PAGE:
NYC middle schools will temporarily scrap admission screens, high schools to permanently drop location-based preference in major COVID reshuffling

New York City middle schools won’t screen applicants based on grades, attendance or test scores this year, and high schools will be permanently barred from prioritizing students who live in their surrounding neighborhoods, officials were expected to announce Friday.

The new rules mark a major revamping of the city’s admissions process, and one that education advocates have long pushed for to address both the racial and economic segregation of the city’s schools and the upheaval of the COVID-19 pandemic.

They will have a ripple effect across the city’s public school system, immediately changing admissions rules at roughly 40% of middle schools and some of the city’s most coveted public high schools.

The middle school changes are temporary. Junior high schools won’t be able to rank students based on factors like tests scores, grades, attendance or auditions this year.

They will, however, still be able to restrict admission to students who live in the surrounding district. Officials said they kept that restriction in order to honor parents’ desires to keep commute times low for younger kids.

It wasn’t immediately clear how many of the city’s middle schools admit students only from their districts.

High schools will still be able to “screen” students for admission, but will no longer be able to give preference to students who live in the surrounding district.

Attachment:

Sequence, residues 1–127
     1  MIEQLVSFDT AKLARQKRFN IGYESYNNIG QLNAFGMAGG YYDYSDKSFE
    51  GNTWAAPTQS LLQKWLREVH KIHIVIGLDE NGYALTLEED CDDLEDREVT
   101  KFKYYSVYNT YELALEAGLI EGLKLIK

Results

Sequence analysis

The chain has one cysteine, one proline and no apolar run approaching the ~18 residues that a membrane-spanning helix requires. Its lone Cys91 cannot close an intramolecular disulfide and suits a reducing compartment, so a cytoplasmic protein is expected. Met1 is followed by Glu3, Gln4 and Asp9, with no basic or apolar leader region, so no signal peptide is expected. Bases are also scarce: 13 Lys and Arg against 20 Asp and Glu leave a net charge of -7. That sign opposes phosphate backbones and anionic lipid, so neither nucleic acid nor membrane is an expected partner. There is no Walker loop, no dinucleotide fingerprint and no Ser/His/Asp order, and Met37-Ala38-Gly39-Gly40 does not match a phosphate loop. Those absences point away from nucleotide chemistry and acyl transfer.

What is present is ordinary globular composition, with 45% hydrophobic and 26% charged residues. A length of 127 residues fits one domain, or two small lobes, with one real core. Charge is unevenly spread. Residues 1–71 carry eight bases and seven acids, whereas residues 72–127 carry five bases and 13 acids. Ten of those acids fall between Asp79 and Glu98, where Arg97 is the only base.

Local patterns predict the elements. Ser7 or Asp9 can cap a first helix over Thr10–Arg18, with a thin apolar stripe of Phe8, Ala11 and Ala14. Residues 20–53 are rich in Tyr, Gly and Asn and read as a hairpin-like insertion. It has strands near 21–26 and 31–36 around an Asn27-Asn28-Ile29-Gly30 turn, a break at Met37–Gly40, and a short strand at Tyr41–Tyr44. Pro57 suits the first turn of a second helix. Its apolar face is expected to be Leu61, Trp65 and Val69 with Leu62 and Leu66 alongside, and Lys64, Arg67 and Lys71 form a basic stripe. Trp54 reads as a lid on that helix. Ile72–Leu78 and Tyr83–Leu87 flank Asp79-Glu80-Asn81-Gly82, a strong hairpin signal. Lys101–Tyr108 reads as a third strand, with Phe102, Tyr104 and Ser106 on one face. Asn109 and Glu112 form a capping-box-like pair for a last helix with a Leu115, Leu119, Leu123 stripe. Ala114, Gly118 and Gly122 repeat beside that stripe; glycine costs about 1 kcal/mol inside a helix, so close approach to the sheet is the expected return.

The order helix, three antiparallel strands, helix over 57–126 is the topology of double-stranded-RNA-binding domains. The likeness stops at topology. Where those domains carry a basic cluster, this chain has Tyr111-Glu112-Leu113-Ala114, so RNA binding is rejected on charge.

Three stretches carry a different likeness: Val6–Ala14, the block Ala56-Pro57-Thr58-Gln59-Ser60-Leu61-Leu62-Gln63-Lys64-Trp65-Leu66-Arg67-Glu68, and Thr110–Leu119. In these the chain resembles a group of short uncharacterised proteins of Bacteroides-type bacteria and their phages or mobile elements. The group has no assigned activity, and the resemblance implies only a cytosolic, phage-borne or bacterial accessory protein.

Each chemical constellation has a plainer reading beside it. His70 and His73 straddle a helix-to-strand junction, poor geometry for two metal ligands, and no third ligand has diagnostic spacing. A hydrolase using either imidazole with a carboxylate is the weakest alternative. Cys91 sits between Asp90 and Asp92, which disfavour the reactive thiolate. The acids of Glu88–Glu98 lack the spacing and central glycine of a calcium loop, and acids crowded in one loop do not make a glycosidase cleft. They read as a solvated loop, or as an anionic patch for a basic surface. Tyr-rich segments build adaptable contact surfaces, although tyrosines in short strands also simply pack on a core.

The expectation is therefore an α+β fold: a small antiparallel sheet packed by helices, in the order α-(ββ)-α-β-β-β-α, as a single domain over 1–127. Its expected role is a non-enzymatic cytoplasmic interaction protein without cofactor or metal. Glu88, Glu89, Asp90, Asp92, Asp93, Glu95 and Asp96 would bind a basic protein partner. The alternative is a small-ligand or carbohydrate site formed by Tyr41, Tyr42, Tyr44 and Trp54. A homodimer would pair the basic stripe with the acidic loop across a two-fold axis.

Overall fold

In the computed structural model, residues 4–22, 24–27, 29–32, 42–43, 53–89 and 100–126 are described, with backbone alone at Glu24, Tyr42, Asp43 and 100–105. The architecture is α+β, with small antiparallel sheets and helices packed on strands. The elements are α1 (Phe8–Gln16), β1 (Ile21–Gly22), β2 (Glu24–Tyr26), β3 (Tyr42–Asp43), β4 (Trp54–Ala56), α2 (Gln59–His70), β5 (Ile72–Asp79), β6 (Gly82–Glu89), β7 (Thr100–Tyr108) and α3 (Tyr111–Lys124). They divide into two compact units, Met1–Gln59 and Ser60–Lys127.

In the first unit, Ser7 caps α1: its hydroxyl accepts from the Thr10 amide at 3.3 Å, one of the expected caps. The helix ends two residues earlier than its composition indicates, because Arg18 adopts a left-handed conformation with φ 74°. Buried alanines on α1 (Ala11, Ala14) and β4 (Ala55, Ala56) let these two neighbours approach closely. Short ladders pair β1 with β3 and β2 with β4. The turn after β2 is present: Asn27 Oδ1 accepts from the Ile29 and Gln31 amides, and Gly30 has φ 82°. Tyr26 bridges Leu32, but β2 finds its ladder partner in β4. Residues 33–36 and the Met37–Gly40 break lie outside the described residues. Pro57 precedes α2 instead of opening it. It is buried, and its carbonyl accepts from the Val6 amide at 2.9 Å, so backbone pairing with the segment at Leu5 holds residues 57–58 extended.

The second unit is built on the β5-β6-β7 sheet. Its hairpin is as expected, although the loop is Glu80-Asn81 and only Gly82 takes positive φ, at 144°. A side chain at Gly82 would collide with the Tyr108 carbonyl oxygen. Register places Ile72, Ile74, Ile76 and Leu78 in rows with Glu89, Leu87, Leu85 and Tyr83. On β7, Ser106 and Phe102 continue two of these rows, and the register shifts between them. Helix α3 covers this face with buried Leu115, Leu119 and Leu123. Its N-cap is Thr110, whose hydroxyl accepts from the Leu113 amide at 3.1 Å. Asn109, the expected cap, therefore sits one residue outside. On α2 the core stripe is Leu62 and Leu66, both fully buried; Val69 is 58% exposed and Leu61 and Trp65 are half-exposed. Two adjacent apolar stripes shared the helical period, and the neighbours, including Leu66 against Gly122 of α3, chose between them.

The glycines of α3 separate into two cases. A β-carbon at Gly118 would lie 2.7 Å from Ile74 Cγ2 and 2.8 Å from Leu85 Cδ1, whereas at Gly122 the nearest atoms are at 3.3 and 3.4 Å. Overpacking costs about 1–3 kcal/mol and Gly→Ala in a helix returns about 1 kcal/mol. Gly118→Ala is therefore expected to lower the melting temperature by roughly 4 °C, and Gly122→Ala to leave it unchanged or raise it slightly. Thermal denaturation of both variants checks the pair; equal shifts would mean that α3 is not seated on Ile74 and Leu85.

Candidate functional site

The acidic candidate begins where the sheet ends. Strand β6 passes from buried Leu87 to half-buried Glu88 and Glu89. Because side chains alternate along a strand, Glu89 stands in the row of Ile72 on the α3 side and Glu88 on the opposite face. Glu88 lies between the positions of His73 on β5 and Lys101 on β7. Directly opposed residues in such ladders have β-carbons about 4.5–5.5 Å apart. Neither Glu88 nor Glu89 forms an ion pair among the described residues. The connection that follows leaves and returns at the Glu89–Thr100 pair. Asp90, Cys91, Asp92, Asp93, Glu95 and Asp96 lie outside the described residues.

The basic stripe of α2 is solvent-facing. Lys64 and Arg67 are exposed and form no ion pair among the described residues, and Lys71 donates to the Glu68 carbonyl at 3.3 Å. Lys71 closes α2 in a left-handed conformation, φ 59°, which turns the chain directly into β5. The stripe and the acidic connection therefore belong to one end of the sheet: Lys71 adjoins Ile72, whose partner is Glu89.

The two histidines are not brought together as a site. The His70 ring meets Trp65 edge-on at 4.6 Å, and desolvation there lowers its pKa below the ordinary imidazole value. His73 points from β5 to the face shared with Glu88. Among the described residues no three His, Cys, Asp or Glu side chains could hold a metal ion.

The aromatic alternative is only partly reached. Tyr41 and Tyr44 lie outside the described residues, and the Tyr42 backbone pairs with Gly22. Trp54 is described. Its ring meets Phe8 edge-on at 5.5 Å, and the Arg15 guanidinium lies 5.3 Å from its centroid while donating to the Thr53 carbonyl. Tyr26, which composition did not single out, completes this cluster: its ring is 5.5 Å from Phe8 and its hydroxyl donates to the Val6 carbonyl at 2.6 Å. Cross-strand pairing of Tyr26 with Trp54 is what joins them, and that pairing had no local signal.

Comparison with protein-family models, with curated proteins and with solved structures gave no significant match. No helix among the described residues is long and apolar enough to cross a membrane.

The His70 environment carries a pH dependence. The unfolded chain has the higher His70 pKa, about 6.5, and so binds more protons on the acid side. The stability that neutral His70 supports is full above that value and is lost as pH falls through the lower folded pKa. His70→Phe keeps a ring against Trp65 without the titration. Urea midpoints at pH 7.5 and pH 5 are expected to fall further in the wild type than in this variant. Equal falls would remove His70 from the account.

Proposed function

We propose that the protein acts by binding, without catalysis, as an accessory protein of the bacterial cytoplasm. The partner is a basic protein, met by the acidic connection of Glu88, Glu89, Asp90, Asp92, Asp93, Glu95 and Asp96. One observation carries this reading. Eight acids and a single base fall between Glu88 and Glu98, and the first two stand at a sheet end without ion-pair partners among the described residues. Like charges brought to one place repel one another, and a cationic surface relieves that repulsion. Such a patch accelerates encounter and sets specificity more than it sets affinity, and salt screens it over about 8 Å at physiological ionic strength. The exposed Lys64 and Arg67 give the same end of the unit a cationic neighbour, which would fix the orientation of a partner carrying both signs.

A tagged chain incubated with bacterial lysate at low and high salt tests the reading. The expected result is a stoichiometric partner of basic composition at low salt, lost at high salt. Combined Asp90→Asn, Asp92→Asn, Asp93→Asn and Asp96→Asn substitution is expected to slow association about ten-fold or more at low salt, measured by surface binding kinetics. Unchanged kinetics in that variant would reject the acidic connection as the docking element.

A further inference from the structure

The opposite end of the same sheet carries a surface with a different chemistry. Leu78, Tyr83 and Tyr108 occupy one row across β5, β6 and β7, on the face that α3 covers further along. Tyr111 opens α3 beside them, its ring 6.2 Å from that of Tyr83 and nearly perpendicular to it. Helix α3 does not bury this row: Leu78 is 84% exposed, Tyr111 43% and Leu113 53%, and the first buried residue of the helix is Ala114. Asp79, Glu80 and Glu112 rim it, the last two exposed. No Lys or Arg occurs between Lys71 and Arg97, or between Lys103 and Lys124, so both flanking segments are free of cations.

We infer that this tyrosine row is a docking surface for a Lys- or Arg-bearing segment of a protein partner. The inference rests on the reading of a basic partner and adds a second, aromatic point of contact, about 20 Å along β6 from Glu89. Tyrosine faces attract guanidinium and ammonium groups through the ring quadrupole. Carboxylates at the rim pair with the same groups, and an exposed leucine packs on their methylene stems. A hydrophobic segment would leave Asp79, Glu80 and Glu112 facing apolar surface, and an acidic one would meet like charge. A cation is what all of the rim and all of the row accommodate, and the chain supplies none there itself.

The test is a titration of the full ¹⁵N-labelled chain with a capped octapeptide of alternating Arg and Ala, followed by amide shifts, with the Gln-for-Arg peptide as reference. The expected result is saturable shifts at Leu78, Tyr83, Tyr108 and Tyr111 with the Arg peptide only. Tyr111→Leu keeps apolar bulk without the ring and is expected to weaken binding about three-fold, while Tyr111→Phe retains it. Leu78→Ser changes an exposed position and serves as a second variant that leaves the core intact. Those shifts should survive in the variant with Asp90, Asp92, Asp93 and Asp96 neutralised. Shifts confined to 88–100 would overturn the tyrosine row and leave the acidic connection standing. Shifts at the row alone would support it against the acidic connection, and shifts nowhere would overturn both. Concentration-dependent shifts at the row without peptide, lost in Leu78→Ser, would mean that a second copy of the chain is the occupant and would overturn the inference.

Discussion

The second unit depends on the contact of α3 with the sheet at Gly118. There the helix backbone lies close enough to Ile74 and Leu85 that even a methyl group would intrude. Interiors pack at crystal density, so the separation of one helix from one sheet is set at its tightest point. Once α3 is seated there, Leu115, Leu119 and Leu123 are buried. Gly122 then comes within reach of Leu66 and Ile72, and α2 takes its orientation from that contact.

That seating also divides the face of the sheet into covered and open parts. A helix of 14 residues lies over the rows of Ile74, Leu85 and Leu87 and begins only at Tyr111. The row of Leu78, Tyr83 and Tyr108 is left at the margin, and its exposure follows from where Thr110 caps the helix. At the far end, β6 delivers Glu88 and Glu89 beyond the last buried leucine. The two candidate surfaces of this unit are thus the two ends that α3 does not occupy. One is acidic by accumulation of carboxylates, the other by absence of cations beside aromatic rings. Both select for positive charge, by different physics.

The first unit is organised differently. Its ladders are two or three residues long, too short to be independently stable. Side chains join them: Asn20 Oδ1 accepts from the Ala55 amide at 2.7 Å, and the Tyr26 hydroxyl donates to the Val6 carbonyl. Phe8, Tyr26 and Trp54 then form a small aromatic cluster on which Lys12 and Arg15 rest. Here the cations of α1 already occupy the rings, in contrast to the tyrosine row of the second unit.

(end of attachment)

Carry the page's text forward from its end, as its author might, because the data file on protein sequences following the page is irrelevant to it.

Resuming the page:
That’s a major shift for Manhattan’s District 2, the city’s largest and one of its wealthiest.

The district — home to some of the city’s most coveted and selective public high schools including Eleanor Roosevelt High School — has long given preference to students who live in the area, including much of Lower Manhattan and the Upper East Side.

The shift to the high school geographic preference rule will be permanent, and comes on the heels of advocacy from some District 2 principals who have called for the rule to be scrapped in order to increase their schools’ racial and socioeconomic diversity.

The city’s eight specialized academic high schools, which include Stuyvesant and Brooklyn Tech, will still admit students based on the results of the Specialized High School Admissions Test which will be administered in-person at city middle schools beginning Jan. 27.

The city’s complex set of admissions rules for both middle and high schools has long been a stressful rite of passage for kids and parents — one that critics say contributes to the racial and socioeconomic segregation of city schools by concentrating white and wealthy families in a relatively small number of schools.

The student advocacy group Teens Take Charge recently filed a lawsuit alleging the high school screens violated federal civil rights law by discriminating against Black and Latino students.

Officials signaled months ago they were considering changes to the admissions process to ensure the school selection rules didn’t unfairly punish students affected by the pandemic.

Many schools also changed their grading scales amid the pandemic, upending one of the main metrics schools use to select applicants.

High schools using grades in admissions decisions will now consider only marks from a student’s sixth grade year and the first part of their seventh grade year, before school buildings shuttered in March.

Many city parents and kids have been waiting with bated breath for the admissions changes, and watched the typical Dec. 4 application deadline come and go with no update.

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